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Brief Summary

Comprehensive Description

    Eleutherodactylidae
    provided by wikipedia

    The Eleutherodactylidae are a family of direct-developing frogs native to northern South America, the Caribbean, and southernmost North America. They are sometimes known under common name rain frogs.[1][2] Formerly a subfamily Eleutherodactylinae of the family Leptodactylidae, it was raised to the family status following a major revision of New World direct-developing frogs in 2008.[1][3] As currently defined, the family has more than 200 species (as of 2014, 206[1] or 207[2] species).

    Eleutherodactylid frogs vary considerably in size, from the minuscule Eleutherodactylus iberia (female snout–vent length 10.5 mm (0.41 in)) to the relative giant Eleutherodactylus inoptatus (female snout–vent length 88 mm (3.5 in)).[2] Except for the ovoviviparous Eleutherodactylus jasperi, these frogs have direct development: no free-living tadpole stage exists; instead, eggs develop directly into small froglets.[3]

    Subfamilies and genera

    The two subfamilies and four genera are:[1][2]

    • Eleutherodactylinae Lutz, 1954 (197 species)
    • Phyzelaphryninae Hedges, Duellman, and Heinicke, 2008 (9 species)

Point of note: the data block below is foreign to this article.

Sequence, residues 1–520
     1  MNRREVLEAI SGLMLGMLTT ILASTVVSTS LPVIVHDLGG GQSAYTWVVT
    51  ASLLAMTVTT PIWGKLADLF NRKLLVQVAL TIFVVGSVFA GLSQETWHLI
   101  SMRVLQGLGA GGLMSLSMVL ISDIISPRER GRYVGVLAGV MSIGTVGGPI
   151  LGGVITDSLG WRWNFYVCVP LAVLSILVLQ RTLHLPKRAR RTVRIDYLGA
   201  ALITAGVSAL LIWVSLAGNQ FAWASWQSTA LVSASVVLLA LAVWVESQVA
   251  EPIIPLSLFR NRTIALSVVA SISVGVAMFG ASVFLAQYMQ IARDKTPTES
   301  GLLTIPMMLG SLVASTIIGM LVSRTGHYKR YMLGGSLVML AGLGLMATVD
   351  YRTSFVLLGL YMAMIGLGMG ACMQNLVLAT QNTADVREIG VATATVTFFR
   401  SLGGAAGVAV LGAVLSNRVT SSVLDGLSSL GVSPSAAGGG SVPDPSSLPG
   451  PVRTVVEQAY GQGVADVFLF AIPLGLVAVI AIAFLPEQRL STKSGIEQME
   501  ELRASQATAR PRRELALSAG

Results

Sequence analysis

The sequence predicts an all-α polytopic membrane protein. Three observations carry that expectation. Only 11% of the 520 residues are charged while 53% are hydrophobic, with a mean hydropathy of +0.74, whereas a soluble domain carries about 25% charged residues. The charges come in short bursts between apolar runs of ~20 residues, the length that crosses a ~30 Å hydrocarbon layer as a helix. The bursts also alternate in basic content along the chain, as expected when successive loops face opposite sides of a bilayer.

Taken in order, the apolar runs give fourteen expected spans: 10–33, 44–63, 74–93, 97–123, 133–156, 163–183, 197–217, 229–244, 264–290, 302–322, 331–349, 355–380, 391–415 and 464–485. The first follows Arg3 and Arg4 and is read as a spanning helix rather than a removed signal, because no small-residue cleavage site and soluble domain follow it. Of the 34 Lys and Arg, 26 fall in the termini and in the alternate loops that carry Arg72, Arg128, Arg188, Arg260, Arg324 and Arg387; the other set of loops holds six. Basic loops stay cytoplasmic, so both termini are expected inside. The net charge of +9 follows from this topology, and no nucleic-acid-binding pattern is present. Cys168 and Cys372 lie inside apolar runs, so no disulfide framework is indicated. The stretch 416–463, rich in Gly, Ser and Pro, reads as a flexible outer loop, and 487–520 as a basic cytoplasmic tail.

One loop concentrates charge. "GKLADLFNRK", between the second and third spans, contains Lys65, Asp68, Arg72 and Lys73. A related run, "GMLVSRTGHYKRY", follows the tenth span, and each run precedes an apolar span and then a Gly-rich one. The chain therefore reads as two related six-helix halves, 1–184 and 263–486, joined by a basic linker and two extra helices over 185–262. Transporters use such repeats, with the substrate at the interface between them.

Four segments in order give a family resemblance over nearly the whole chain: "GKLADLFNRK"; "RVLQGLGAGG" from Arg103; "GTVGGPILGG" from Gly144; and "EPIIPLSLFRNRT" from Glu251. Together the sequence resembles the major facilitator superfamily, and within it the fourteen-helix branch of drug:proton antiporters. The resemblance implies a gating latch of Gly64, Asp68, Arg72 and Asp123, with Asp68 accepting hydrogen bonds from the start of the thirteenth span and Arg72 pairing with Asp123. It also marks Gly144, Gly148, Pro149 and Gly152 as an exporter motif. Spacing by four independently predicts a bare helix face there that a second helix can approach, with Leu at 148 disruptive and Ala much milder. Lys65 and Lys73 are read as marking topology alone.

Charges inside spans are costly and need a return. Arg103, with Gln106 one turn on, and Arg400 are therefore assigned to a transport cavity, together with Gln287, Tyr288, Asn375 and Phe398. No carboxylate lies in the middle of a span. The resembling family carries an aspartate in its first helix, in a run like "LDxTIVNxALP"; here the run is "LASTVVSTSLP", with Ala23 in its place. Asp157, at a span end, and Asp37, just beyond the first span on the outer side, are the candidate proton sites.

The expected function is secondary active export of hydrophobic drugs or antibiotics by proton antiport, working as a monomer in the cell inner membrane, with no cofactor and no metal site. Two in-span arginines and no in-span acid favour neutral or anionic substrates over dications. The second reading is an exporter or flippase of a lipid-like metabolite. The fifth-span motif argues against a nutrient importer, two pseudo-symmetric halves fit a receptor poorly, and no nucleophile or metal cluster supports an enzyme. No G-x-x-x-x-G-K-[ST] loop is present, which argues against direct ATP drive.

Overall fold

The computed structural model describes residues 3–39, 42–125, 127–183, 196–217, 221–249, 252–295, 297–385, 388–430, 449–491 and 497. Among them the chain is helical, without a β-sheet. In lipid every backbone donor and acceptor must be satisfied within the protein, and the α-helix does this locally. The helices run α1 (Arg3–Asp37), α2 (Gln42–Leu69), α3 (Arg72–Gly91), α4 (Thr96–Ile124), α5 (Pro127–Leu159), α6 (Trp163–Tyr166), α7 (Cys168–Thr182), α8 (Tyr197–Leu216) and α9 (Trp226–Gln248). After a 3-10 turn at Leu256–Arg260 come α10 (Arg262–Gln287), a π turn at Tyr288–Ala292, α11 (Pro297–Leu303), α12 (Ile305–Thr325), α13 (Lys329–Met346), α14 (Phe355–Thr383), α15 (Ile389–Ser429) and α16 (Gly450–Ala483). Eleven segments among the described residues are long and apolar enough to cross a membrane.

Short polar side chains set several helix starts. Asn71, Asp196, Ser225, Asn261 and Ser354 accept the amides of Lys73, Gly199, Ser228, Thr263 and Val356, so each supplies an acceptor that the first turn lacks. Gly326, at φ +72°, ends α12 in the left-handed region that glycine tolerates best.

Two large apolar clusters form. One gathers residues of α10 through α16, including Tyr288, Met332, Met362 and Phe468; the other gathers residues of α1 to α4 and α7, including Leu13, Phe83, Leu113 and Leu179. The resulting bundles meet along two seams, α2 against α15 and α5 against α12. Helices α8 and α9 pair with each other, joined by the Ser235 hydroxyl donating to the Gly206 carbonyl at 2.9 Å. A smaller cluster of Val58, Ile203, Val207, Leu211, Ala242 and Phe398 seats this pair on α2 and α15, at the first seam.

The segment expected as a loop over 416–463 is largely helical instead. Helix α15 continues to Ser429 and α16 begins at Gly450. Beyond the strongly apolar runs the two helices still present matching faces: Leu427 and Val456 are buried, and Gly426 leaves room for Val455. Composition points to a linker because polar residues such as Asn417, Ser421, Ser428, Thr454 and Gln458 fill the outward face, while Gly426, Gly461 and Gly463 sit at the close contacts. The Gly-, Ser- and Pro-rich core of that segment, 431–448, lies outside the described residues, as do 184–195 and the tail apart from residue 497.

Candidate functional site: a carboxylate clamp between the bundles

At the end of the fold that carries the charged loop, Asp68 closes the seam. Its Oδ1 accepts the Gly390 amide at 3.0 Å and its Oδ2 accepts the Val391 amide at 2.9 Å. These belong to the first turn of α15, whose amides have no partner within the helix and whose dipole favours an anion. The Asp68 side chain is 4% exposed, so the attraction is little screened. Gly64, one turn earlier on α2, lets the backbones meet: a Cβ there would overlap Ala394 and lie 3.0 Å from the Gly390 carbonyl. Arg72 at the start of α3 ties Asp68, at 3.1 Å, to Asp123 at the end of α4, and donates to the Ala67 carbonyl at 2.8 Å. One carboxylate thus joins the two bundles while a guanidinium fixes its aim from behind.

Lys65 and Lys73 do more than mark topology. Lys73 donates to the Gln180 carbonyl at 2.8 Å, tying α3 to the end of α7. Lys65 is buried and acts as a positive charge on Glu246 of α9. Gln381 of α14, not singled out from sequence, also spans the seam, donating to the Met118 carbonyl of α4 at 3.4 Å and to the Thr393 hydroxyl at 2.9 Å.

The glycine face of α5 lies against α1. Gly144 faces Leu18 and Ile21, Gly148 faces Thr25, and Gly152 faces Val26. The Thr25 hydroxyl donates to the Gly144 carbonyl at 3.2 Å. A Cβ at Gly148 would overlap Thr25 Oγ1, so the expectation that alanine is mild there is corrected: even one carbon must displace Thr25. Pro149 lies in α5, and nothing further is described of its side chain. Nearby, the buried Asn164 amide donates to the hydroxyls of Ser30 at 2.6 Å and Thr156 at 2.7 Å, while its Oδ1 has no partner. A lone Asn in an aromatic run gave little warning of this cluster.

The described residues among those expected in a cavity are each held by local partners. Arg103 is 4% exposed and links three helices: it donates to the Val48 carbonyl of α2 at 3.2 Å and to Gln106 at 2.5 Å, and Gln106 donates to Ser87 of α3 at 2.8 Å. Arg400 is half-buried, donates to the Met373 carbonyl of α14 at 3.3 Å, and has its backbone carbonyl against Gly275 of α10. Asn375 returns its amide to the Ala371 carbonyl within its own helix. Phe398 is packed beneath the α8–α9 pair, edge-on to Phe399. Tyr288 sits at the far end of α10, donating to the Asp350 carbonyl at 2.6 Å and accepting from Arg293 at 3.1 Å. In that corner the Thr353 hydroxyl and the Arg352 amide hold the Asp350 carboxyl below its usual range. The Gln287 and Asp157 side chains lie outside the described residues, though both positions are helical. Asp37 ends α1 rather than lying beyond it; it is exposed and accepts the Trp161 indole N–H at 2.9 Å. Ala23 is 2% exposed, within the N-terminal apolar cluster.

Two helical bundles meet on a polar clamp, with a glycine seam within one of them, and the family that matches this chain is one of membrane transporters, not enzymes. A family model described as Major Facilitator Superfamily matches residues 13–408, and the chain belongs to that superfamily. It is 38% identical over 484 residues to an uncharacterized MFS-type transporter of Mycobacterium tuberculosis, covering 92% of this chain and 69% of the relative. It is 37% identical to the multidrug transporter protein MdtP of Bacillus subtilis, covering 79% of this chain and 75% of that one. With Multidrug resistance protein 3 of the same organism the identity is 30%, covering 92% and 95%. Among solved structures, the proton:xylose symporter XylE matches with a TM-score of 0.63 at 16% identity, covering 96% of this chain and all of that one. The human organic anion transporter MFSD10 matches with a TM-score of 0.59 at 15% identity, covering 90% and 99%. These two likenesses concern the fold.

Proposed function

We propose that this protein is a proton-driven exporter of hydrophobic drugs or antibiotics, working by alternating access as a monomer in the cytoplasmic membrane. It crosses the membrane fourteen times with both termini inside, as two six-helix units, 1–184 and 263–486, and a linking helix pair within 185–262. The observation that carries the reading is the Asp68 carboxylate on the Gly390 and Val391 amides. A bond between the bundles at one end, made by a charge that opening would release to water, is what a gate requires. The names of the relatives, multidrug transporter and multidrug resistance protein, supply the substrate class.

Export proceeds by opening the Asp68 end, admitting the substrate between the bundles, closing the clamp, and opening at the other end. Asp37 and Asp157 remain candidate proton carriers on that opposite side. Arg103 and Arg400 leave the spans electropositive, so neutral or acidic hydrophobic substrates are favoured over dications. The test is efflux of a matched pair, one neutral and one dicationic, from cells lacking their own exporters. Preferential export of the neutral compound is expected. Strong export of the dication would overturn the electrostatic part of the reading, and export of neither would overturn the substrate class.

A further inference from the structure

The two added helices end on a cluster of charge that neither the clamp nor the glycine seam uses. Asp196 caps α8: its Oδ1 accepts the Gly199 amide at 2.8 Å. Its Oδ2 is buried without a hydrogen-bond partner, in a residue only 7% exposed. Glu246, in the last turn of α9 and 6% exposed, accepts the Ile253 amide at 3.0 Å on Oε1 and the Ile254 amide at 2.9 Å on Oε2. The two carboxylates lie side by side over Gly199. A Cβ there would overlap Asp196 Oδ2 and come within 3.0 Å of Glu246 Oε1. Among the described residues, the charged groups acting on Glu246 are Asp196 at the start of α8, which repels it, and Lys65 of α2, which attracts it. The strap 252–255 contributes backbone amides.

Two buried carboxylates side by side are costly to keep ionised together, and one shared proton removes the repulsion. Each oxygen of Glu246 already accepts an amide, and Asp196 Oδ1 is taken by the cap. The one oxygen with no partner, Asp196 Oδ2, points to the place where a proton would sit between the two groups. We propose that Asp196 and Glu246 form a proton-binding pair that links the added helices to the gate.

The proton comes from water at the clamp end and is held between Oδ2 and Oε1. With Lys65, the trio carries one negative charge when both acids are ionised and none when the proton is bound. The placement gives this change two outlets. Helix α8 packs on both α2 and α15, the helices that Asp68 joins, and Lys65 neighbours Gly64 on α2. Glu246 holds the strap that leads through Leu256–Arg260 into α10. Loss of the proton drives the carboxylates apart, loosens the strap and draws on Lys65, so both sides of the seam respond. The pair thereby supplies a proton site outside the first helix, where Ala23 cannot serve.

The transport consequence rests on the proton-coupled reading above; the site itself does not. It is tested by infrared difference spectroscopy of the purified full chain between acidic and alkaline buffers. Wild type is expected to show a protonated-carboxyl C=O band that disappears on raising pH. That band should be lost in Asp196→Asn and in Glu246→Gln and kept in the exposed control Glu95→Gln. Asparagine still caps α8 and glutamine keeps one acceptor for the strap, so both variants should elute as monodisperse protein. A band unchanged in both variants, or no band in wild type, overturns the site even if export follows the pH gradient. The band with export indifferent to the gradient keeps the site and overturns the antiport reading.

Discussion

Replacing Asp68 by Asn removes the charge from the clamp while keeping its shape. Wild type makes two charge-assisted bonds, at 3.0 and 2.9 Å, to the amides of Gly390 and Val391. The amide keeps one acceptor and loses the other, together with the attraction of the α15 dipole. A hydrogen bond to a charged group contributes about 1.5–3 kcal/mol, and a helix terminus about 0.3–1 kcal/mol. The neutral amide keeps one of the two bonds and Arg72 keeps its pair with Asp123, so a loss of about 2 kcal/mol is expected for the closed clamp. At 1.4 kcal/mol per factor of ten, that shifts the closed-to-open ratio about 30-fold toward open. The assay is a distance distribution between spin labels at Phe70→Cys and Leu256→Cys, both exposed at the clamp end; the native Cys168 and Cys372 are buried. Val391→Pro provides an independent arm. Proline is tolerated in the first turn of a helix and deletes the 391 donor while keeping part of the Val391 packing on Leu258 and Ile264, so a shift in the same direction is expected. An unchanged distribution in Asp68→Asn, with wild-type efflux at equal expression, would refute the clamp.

References

    1. ^ a b c d Frost, Darrel R. (2014). "Eleutherodactylidae Lutz, 1954". Amphibian Species of the World: an Online Reference. Version 6.0. American Museum of Natural History. Retrieved 24 April 2014..mw-parser-output cite.citation{font-style:inherit}.mw-parser-output q{quotes:"""""'"'"}.mw-parser-output code.cs1-code{color:inherit;background:inherit;border:inherit;padding:inherit}.mw-parser-output .cs1-lock-free a{background:url("//upload.wikimedia.org/wikipedia/commons/thumb/6/65/Lock-green.svg/9px-Lock-green.svg.png")no-repeat;background-position:right .1em center}.mw-parser-output .cs1-lock-limited a,.mw-parser-output .cs1-lock-registration a{background:url("//upload.wikimedia.org/wikipedia/commons/thumb/d/d6/Lock-gray-alt-2.svg/9px-Lock-gray-alt-2.svg.png")no-repeat;background-position:right .1em center}.mw-parser-output .cs1-lock-subscription a{background:url("//upload.wikimedia.org/wikipedia/commons/thumb/a/aa/Lock-red-alt-2.svg/9px-Lock-red-alt-2.svg.png")no-repeat;background-position:right .1em center}.mw-parser-output .cs1-subscription,.mw-parser-output .cs1-registration{color:#555}.mw-parser-output .cs1-subscription span,.mw-parser-output .cs1-registration span{border-bottom:1px dotted;cursor:help}.mw-parser-output .cs1-hidden-error{display:none;font-size:100%}.mw-parser-output .cs1-visible-error{font-size:100%}.mw-parser-output .cs1-subscription,.mw-parser-output .cs1-registration,.mw-parser-output .cs1-format{font-size:95%}.mw-parser-output .cs1-kern-left,.mw-parser-output .cs1-kern-wl-left{padding-left:0.2em}.mw-parser-output .cs1-kern-right,.mw-parser-output .cs1-kern-wl-right{padding-right:0.2em}
    2. ^ a b c d "Eleutherodactylidae". AmphibiaWeb: Information on amphibian biology and conservation. [web application]. Berkeley, California: AmphibiaWeb. 2014. Retrieved 24 April 2014.
    3. ^ a b Hedges, S. B.; Duellman, W. E. & Heinicke, M. P (2008). "New World direct-developing frogs (Anura: Terrarana): Molecular phylogeny, classification, biogeography, and conservation" (PDF). Zootaxa. 1737: 1–182.